Control Risks offers its analysis on the Nairobi terrorist attack in January

08 February 2019 2 min. read
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Following the terrorist attack in Nairobi on the 15th of January this year, research consultancy Control Risks in Kenya has offered its analysis of the attack and its assessment of threats from the same terrorist group in the future. The consultancy predicts an increase in small-scale attacks in the near future.

Responsibility for the attack was claimed by a Somalia-based Islamic fundamentalist group by the name of al-Shabab. The attack – which took place at a hotel in Nairobi – is classified by Control Risks as large-scale incident, given that there were at least 21 casualties and several more injuries.

Using its risk-monitoring mechanism CORE, the firm has predicted that a large-scale attack of similar magnitude is unlikely in the near future, primarily due to the lack of capacity in the group, based on size and resource-availability. According to the firm, the planning of the attack required substantial resources.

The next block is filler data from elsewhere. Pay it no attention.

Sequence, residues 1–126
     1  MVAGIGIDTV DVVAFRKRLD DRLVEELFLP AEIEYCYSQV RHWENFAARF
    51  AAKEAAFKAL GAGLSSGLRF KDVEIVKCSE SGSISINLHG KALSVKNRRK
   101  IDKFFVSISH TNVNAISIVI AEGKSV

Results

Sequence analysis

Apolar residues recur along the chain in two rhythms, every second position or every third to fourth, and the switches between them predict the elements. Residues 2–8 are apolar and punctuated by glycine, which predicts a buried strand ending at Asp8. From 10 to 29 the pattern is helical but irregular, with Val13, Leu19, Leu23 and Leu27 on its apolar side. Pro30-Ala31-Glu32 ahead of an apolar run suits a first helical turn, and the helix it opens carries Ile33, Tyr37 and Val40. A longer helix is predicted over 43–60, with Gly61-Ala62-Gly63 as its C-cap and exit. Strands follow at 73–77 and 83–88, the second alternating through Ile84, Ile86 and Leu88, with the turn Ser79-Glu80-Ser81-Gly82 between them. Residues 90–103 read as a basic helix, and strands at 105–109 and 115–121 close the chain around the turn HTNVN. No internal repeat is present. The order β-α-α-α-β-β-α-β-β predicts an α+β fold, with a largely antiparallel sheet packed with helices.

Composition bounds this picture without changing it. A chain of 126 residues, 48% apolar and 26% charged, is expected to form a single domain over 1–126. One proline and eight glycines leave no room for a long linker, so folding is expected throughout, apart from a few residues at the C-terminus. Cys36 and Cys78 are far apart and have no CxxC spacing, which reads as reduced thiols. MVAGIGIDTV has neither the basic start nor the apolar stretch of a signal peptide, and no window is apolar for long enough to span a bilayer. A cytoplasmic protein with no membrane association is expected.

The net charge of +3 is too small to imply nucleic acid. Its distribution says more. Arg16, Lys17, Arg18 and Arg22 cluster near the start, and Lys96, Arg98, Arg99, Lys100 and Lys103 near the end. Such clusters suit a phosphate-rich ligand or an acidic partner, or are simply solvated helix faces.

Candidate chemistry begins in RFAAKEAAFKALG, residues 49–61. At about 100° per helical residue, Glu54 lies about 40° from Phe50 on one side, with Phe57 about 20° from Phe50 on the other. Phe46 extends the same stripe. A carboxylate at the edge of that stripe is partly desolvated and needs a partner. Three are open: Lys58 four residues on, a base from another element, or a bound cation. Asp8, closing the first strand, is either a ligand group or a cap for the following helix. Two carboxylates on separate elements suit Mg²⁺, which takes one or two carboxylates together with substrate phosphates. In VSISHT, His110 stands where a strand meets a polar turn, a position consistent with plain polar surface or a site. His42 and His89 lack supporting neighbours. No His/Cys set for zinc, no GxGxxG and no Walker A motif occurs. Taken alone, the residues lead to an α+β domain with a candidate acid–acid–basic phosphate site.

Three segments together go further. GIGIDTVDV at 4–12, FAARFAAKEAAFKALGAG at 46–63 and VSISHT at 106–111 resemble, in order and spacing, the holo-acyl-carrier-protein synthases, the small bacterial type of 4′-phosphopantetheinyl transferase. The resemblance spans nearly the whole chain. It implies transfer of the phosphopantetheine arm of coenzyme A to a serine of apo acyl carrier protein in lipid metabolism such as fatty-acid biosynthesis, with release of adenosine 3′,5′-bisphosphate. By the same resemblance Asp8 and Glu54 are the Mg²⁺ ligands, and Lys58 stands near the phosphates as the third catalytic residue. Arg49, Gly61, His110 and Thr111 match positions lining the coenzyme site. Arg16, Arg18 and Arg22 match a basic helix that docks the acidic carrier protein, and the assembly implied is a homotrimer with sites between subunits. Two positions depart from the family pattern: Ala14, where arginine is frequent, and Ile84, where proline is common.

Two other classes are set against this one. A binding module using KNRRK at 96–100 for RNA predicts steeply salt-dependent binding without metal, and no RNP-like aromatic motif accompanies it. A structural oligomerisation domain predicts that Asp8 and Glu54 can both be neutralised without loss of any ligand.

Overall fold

Control Risks offers its analysis on the Nairobi terrorist attacks in January

The incident involve a mixture of gunfire and explosive devices – equipment that the group is unlikely to amass again over the next year. Moreover, an increase in vigilance in Kenya will mean that any future attacks will require more equipment and planning than this one. 

On the other hand, the firm predicts that the terrorist group will look to capitalise on the high levels of attention that it has gained through this attack to attract new followers and maybe even potential financial backing for their intentions. As a result, the firm expects an increase in frequency of smaller attacks over the next year.

This prediction is based on al-Shabab’s past behaviour, particularly in the aftermath of an attack it perpetrated in September of 2013 at a shopping centre. The attack was followed by a number of smaller attacks in the following months, specifically in the regions in and around the Somali border.

According to the firm, Kenya has been at risk of attacks from al-Shabab ever since 2011, when the country conducted a military intervention in Somalia. In addition to the attacks in 2013 and 2019, several attempts have been reported to be foiled over the years, including in 2017 and in 2018.